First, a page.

Though 2017’s movies are still mired in the long process of honoring and snubbing and all that, it is technically 2018, which means that a whole new crop of films loom on the horizon. Where better to get a sampling of what the year has to offer than high in the mountains of Utah, where the Sundance Film Festival kicks off on January 18? It’s a big festival, with too many titles to look at one by one. But in the interest of clarifying things for you—and for us—here’s a breakdown of some of the films that could break big in Park City.
As Call Me by Your Name,Get Out, and perhaps Mudbound are likely going to prove soon—and as Manchester by the Sea did last year—Sundance can be a good long-lead staging ground for an Oscar campaign. It doesn’t always pan out, but Sundance is still a sturdier launching pad than, say, Cannes. To that end, we’ve got some Sundance 2018 films on our awards radar—as ludicrous as that may be, given that Oscars for last year’s movies haven’t been handed out yet. (There aren’t even nominees, for heaven’s sake.)
Amazon just released a trailer for Gus Van Sant’s new film, the based-on-a-true-story sobriety-and-disability dramedy Don’t Worry, He Won’t Get Far On Foot. Starring past Oscar nominees Joaquin Phoenix,Jonah Hill, and Rooney Mara (along with Carrie Brownstein and Sonic Youth’s Kim Gordon), the film appears to have a funny-sad vibe that often plays well with Academy voters. The based-on-a-true-story angle doesn’t hurt either. Van Sant has been a bit spotty of late (Logan Paul wasn’t the first white American to do something disastrous in Japan’s “suicide forest”), but he has directed two actors to Oscars before. So, this is one to watch.
Everyone loves Laura Dern right now, so it will be interesting to see how The Tale, from debut feature director Jennifer Fox, plays in Park City. Its grimly topical plot—a woman revisits her youth to re-assess a fraught early sexual experience—combined with the Dern factor have this one high on our list. There’s also lots of positive pre-festival chatter about Tamara Jenkins’s first film in over 10 years, Private Life. Perhaps that could mean big things for stars Paul Giamatti and Kathryn Hahn, and for Jenkins. Her last film, 2007’s The Savages, scored Oscar nominations for best actress (Laura Linney) and screenplay—though the new film’s status as a Netflix property could trouble its chances.
Sundance doesn’t really feel like the right venue for period biopics, but a couple are screening there this year. In one of them, Colette,Keira Knightley stars as the titular famed French novelist. The film is directed by Wash Westmoreland, who led Julianne Moore to an Oscar for Still Alice (a movie that didn’t play at Sundance, but totally feels like it did). Knightley arguably hasn’t had a big prestige-y lead role like this since 2012’s Anna Karenina (sure, The Imitation Game, but that was supporting), so it will be interesting to see how this one goes for her.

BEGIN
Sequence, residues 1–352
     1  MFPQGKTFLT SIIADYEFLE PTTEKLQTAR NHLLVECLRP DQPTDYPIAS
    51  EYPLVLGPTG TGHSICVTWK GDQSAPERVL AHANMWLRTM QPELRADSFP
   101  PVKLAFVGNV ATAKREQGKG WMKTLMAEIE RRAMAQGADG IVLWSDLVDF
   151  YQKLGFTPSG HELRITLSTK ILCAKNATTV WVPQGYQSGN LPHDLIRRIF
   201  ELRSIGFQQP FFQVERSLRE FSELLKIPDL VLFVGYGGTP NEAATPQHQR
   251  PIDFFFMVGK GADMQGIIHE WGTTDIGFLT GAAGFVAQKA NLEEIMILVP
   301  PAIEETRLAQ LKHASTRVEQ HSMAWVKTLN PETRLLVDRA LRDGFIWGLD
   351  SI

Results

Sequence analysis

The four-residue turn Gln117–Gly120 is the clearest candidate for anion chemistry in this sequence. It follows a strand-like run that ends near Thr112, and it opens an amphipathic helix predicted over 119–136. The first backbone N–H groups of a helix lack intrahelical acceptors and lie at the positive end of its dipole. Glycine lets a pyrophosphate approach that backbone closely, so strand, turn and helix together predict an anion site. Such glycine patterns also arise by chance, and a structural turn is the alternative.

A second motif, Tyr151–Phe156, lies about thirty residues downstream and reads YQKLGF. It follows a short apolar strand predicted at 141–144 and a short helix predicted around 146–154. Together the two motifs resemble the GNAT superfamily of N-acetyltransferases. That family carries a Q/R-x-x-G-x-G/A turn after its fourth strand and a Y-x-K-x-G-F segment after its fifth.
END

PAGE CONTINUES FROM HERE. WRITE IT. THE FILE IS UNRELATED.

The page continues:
Given the national discourse at the moment, a film like Monster—adapted from a lauded young-adult novel about a black Harlem teenager navigating a biased justice system—seems like something that could demand serious attention. Adding to its allure is that Kelvin Harrison Jr., so striking in last year’s It Comes at Night, is the lead. He’s joined by Jeffrey Wright,Jennifer Hudson,Jennifer Ehle, and Tim Blake Nelson.
Approaching the race from, uh, the other side, Burden chronicles a young Ku Klux Klan member (Garrett Hedlund) as he learns the error of his ways with the help of a preacher played by Forest Whitaker. We’re a little troubled that Hedlund’s character’s last name is actually Burden, but oh well. Hedlund has been on an upswing lately—thanks to last year’s Sundance breakout Mudbound and HBO’s Mosaic early this year—so we’ll be curious to see if he capitalizes on that here.
Beyond those titles, Come Sunday offers star Chiwetel Ejiofor a lot of opportunity to deliver plenty of clip-worthy oratory as a reformed evangelical preacher. (The Sundance website calls his performance a “tour de force.”) Paul Dano adapts a Richard Ford novel for his directorial debut, Wildlife, giving Carey Mulligan a juicy role in the process. Maybe Rupert Everett will find favor again as a dying Oscar Wilde in The Happy Prince. And maybe Paul Rudd will finally get Serious Actor recognition with his W.W. II thriller The Catcher Was a Spy. Five years ago, the film’s director, Ben Lewin, guided Helen Hunt on her way to a supporting-actress Oscar nomination for his film The Sessions.